with a compression test, cylinders must not vary any more than 10psi, and must be within manufacturers specs.
if there is a problem, it must be fixed before fitting nitrous.

Its wise to give the engine a good service: oil, filters, etc.

Ignition system
as nitrous will put a higher demand on the ignition system, it will have to be up to the job.
you can test the ignition with a tester like This if its in good condition you should be OK:cool:
If the leads have seen better days get them changed for some decent quality leads.
Its also wise to fit a new set of plugs, and if your going for more than a 25bhp shot, its wise to change the plugs for a grade cooler than standard, this will help to prevent detonation.

Fuel system
the fuel system will have to be up to the job of providing the additional fuel, on relatively small shots the standard fuel system should cope.
but when you start adding large amounts, then the pump will need to be upgraded to a higher flowing pump, or another separate pump and regulator will be required, just for the nitrous system.
ill show how to test the fuel system later on:cool:

Its also a good idea to change the fuel filter.

Premium Member
2,994 Posts
Discussion Starter #4 (Edited)
Bottle mounting

If you buy a kit that is made outside the UK, the main problem you might face is actually having it refilled.
Many of the U.S kits do not have the PI mark on there bottles, this pi mark is required in the uk if you want to have your bottle refilled legaly.... fine if you refill your bottle at home from a rented cylinder, or you know someone who will do it who turns a blind eye.
And if you try to get refills by courier, they will send it back to you.... but it will be empty I'm afraid:(

One place nitrous company's like to save money, is actually on the valve in the bottle.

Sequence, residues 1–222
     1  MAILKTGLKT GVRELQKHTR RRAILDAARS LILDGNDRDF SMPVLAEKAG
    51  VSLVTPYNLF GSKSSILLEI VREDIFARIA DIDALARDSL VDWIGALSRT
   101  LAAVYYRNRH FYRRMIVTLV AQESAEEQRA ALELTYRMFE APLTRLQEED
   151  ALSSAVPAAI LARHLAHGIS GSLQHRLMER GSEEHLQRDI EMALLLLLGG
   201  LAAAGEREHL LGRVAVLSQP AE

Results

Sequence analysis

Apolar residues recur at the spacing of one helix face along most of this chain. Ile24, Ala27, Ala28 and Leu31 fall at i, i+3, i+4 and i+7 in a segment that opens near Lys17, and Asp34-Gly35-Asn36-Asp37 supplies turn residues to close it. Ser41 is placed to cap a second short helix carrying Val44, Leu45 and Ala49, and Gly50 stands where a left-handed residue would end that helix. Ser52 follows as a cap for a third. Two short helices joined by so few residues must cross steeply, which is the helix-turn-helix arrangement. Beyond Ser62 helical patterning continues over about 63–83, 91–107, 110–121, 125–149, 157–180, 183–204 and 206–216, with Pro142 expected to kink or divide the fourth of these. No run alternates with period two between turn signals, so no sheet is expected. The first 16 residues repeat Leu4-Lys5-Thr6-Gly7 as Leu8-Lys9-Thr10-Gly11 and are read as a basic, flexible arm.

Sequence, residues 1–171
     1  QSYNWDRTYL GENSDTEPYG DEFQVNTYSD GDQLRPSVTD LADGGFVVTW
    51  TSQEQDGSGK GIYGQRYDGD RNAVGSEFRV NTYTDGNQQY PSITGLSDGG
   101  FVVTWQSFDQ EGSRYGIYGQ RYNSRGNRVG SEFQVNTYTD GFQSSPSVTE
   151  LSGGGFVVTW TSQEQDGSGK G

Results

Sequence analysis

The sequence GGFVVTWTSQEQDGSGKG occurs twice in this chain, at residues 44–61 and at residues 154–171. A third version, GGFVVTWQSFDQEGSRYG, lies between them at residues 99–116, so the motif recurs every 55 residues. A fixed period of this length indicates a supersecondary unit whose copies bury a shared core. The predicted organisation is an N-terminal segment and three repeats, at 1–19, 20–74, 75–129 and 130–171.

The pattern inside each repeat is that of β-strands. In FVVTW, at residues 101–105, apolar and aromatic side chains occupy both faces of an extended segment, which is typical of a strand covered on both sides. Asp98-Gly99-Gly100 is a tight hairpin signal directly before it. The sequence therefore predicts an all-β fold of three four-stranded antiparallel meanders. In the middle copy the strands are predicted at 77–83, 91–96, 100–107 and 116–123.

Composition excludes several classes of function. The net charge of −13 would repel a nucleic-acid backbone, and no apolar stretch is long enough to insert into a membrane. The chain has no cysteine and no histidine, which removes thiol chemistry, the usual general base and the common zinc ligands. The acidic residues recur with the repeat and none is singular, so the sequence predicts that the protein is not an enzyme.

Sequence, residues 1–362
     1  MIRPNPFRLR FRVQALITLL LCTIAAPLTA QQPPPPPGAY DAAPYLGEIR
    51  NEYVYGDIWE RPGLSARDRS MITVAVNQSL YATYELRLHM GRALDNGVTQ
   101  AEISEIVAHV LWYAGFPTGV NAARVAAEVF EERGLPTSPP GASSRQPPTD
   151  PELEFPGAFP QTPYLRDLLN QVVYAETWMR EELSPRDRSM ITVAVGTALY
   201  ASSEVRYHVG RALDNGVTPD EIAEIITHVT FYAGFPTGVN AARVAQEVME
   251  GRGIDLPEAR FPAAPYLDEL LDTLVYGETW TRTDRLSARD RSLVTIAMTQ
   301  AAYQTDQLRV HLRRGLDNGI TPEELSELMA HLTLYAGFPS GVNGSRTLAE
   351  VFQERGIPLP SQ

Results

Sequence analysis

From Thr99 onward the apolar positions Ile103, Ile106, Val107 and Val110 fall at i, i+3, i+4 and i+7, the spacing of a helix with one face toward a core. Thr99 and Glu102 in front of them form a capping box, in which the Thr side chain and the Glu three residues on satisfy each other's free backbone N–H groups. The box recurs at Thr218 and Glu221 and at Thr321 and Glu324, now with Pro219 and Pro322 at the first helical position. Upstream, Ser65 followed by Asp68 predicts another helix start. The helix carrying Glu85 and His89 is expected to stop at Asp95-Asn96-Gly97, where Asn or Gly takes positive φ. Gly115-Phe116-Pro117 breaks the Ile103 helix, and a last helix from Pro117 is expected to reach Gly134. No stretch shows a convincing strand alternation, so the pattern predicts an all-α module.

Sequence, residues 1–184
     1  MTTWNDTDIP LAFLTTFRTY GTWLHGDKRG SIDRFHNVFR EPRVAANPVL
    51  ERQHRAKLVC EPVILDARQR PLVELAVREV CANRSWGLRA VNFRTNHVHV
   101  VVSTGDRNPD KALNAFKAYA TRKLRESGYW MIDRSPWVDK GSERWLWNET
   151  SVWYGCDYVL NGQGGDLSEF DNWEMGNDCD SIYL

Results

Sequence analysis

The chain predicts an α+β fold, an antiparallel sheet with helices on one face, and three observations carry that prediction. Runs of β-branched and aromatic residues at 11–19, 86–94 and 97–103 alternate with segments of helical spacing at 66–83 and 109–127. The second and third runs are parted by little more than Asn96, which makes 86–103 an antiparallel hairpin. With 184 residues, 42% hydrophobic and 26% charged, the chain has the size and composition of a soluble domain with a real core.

I have seen many that are just a cheap standard Co2/mixed gas valves, just like the one i used on the bottle for my Clio, but they have chromed it to look a bit nicer.
This is OK, but they will not flow as much:(
I used one because it was cheap, and i was on a tight budget.... did i mention it was cheap:d
Anyway heres the bottle i used in the Clio, it was previously a CO2 bottle that was used in a pub:rofl:

Another thing they like to use is a rupture disk.....
Lets say its a really hot day, and the bottle is exposed to direct sunlight, and the nitrous pressure builds up in the bottle to dangerously high levels.
Or even worse, it has a bottle warmer wrapped round it which fails to switch off after it has reached optimum temperature:eek:
Well... instead of the bottle blowing up, the rupture disk blows out venting 'ALL' your expensive gas to atmosphere:crying:

Here is a maxiflow valve from wizards of nos

  • High flow low friction seat

  • Minimal expansion chamber

  • Low friction coated internals to minimize wear and consequential system contamination
  • overlapped hand wheel and body
The little anodized red valve on the side is a S.P.R.V (safety pressure release valve)
This replaces the conventional rupture disk.
Using the same scenario above with the bottle over heating, instead of blowing out like a rupture disk, it just safely releases a little nitrous at a time to bring the bottle pressure back down to safe levels:cool:
No more loosing all your gas in one go, and no replacing disks either:d

Heres a couple of vids

sprv vs standard rupture disk

Valve drop test

Hmmmmm.... i know wich one i would rather have:cool:


The best place for the bottle to be mounted is close to the solenoids, to keep pipe runs short.
In most cases this is not possible, so tho boot will have to do:d

The bottle needs to be mounted at an angle (about 15 degrees is best) with the outlet facing down, as shown in the pic.
This is because the dip tube inside has to be able to pick up liquid nitrous, this is very important!